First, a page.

The Introduction to Community Organizing Toolkit was created in response to the noticeable lack of resources available for those who feel called to action, but are not sure of where or how to get started. By unpacking a variety of justice-based topics in digestible ways, this project seeks to resist the elitism and gatekeeping of knowledge found within organizing spaces, all the while amplifying the voices of marginalized youth in so-called Canada. It begins with a glossary of commonly used terms, which is then followed by a primer on movement theory that explains what systems of oppression are, highlights the importance of intersectionality, and provides an outline for building effective campaigns. The next portion is dedicated to challenging ableism; it includes reflection prompts for accessibility, ways to show solidarity, and a guide to setting boundaries. Section four covers the basics of care work and transformative justice by delving into how harm can be replicated and repaired. The toolkit ends with a wonderful collection of resources for further learning and growth.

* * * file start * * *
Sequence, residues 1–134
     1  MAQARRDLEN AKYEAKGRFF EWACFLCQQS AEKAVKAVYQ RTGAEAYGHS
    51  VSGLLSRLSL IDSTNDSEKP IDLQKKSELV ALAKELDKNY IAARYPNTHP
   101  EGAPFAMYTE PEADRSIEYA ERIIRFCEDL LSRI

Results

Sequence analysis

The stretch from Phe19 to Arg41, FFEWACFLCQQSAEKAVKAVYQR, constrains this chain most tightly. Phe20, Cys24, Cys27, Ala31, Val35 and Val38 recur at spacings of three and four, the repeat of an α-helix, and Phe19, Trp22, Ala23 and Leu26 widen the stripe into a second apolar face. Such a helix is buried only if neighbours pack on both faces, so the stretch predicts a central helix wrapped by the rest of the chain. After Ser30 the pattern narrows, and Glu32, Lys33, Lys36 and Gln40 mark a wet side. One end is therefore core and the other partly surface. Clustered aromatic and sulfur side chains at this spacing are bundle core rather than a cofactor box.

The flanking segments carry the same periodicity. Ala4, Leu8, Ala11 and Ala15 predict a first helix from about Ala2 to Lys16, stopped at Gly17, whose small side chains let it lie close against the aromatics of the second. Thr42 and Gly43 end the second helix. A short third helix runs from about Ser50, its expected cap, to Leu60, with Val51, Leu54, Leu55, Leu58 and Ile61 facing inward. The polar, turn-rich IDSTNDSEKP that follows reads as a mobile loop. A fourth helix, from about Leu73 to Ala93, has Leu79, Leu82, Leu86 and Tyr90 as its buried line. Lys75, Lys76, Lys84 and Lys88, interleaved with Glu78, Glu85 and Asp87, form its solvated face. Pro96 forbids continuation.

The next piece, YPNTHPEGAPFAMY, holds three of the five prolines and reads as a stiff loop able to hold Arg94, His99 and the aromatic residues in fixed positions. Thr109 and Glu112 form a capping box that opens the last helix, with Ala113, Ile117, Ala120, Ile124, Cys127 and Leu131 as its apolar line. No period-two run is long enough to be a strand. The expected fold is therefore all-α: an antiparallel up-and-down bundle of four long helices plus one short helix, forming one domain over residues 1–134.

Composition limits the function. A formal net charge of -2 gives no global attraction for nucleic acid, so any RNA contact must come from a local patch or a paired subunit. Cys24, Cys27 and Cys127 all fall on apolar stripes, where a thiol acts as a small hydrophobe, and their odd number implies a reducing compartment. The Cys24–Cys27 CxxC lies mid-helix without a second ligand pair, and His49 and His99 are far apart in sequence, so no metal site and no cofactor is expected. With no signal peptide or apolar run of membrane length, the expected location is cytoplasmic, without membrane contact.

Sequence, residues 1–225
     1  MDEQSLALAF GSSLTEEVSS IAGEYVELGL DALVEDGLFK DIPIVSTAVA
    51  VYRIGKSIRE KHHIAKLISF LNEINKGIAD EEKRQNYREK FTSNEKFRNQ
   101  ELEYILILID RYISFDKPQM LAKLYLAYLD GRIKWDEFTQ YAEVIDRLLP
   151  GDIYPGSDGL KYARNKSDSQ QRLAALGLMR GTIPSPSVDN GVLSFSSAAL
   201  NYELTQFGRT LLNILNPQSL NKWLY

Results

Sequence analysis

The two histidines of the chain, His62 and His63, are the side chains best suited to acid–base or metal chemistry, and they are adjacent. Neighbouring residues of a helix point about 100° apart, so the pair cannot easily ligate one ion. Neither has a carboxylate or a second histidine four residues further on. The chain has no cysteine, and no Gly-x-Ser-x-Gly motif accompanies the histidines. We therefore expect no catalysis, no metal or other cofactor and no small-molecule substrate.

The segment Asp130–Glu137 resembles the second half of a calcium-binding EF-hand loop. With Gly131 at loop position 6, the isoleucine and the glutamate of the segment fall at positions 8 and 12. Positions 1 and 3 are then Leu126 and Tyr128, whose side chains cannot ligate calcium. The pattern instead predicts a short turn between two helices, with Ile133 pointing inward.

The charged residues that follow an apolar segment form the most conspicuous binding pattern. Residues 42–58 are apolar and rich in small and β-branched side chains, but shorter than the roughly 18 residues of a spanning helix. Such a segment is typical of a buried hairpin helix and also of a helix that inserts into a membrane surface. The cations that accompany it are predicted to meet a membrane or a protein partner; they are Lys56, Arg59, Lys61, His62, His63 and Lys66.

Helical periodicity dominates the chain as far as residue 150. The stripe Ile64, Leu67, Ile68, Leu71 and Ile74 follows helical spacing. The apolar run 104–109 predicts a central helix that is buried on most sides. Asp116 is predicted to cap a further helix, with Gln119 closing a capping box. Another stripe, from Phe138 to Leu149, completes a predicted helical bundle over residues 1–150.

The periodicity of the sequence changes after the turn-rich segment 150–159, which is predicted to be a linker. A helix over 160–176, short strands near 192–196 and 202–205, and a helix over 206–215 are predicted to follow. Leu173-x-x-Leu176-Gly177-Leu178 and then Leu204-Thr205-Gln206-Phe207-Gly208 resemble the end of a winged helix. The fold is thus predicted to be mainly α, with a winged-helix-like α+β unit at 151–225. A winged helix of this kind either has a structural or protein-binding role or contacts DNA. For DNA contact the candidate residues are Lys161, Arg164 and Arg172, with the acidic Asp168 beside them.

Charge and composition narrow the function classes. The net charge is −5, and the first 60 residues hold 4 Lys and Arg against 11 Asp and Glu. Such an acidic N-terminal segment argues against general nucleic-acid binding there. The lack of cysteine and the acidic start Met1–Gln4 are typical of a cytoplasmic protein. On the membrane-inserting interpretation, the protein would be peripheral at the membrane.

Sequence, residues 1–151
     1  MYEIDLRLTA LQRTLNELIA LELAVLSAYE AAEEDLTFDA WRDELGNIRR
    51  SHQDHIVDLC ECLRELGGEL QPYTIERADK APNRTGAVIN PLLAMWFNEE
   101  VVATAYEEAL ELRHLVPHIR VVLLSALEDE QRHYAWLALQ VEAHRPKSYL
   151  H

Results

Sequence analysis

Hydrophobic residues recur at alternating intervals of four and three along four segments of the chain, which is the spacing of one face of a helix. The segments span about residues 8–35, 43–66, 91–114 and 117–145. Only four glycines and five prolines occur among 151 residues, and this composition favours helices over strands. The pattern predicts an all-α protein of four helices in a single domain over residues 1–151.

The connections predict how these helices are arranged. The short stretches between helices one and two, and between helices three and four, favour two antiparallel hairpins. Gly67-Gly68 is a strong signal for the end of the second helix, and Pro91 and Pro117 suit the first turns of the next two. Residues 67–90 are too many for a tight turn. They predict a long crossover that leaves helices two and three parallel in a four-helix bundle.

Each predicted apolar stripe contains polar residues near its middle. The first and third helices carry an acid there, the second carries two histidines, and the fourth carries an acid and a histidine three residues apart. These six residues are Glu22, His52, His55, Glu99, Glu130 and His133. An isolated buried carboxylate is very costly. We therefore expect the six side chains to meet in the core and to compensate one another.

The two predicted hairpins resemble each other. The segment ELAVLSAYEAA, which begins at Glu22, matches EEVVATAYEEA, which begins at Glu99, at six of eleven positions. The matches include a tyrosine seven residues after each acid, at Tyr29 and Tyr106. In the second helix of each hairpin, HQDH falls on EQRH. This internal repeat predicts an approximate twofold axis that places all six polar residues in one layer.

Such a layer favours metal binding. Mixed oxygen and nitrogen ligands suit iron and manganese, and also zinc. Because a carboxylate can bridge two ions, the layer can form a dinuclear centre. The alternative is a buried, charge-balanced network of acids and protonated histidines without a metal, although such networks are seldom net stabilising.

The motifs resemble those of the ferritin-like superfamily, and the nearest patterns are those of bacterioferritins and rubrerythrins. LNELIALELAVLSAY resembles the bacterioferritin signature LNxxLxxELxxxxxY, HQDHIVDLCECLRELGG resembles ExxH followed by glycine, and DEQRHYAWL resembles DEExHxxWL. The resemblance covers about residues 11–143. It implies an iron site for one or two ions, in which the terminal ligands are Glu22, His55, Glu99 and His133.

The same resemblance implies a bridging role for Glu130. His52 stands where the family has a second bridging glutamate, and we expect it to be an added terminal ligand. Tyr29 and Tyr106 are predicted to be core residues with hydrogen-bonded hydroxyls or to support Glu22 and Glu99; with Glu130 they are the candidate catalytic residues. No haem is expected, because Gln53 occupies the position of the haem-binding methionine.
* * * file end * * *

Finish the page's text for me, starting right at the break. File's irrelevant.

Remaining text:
This toolkit was created by our community member Michelle Xie. Michelle Xie (she/her) is a community organizer, sociology student, and artist of Chinese heritage, who was born and raised on the stolen homelands of the xʷməθkʷəy̓əm (Musqueam), Sḵwx̱wú7mesh Úxwumixw (Squamish), and səl̓ilwətaɁɬ (Tsleil-Waututh) peoples. She is passionate about building anti-oppressive movements that are abundant in care, creativity, and interdependence. As a facilitator with the UBC Climate Hub and organizer with Climate Justice UBC, Michelle strives to shift power into the hands of the people and support youth in becoming agents of change in their communities.
Learn more about Michelle’s work:
Instagram | Justice-Based Anthology Project | Community Calendar